Peng’s accusation is the first high-profile allegation of sexual abuse of a powerful politician in China. Earlier accusations concerned prominent figures in the non-profit world, academia and the media, but never reached the Communist Party’s top officials or state-owned enterprises.
News circulates in private social media groups
CGTN posted the statement on Twitter, which is blocked in China along with many other foreign platforms such as Google and Facebook. It was not published on Chinese social media, nor was there any mention of the alleged email behind the Great Firewall, which separates the Chinese Internet from the rest of the world.
Some Internet users have circumvented the controls and written about the news in private social media groups. Freeweibo.com, which records censored posts from Weibo, said searches for “Peng Shuai” and “Zhang Gaoli” were both among the top 10 most searched topics on Thursday.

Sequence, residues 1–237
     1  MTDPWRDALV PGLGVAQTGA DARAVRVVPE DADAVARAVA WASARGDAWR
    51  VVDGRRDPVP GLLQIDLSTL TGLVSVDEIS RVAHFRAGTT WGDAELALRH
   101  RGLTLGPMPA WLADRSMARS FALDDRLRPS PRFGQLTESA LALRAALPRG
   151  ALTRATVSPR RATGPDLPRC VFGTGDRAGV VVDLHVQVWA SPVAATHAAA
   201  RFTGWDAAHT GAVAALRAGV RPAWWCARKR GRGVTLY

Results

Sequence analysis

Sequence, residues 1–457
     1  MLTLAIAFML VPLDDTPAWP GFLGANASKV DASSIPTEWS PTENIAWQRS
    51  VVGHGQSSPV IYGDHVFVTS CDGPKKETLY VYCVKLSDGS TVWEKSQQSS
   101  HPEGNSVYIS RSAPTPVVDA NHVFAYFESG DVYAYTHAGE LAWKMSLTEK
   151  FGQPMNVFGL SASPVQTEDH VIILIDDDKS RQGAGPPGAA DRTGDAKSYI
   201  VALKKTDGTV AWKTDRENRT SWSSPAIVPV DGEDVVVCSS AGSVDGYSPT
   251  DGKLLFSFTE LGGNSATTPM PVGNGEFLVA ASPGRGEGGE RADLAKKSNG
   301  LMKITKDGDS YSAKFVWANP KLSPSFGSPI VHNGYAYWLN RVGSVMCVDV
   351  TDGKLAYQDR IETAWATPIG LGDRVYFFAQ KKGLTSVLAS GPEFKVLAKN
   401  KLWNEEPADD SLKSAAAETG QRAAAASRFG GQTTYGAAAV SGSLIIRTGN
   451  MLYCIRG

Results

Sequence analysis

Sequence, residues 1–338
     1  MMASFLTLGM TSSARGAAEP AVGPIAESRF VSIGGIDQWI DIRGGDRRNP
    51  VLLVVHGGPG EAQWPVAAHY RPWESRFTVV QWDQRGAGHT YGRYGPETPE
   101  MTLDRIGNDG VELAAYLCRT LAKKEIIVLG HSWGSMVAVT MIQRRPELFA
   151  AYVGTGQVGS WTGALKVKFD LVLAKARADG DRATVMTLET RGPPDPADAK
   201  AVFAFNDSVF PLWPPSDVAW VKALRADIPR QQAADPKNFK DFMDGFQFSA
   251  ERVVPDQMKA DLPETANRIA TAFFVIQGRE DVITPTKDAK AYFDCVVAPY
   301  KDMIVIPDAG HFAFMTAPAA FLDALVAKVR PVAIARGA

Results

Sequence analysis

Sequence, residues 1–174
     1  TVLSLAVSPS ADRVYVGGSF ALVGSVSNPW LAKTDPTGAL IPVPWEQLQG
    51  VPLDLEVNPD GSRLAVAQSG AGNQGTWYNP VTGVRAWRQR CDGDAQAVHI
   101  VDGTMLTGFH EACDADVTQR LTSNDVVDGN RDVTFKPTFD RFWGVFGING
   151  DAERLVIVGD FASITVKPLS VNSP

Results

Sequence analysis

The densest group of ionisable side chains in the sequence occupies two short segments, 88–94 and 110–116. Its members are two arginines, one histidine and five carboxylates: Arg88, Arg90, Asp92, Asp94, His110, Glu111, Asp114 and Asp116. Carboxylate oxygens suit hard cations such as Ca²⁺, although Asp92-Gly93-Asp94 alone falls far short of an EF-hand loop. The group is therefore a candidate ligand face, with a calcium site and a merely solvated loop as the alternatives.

Searches for Peng Shuai’s name on China’s search engine Sogou only show articles about her tennis career. Her account on Weibo no longer allows comments, and no results appear if people search for her Weibo account.
Peng wrote that Zhang’s wife guarded the door during the alleged assault, which followed a round of tennis. Her post also said that they had sex seven years ago and that she had feelings for him after that. She also said she knew it would be difficult to talk.
“Yes, apart from myself, I kept no evidence, no recordings, no videos, just the real experience of my distorted self. Even if I destroy myself, like throwing an egg at a rock, or a moth flying into a flame, I will still tell the truth about us “, it said in the now deleted post.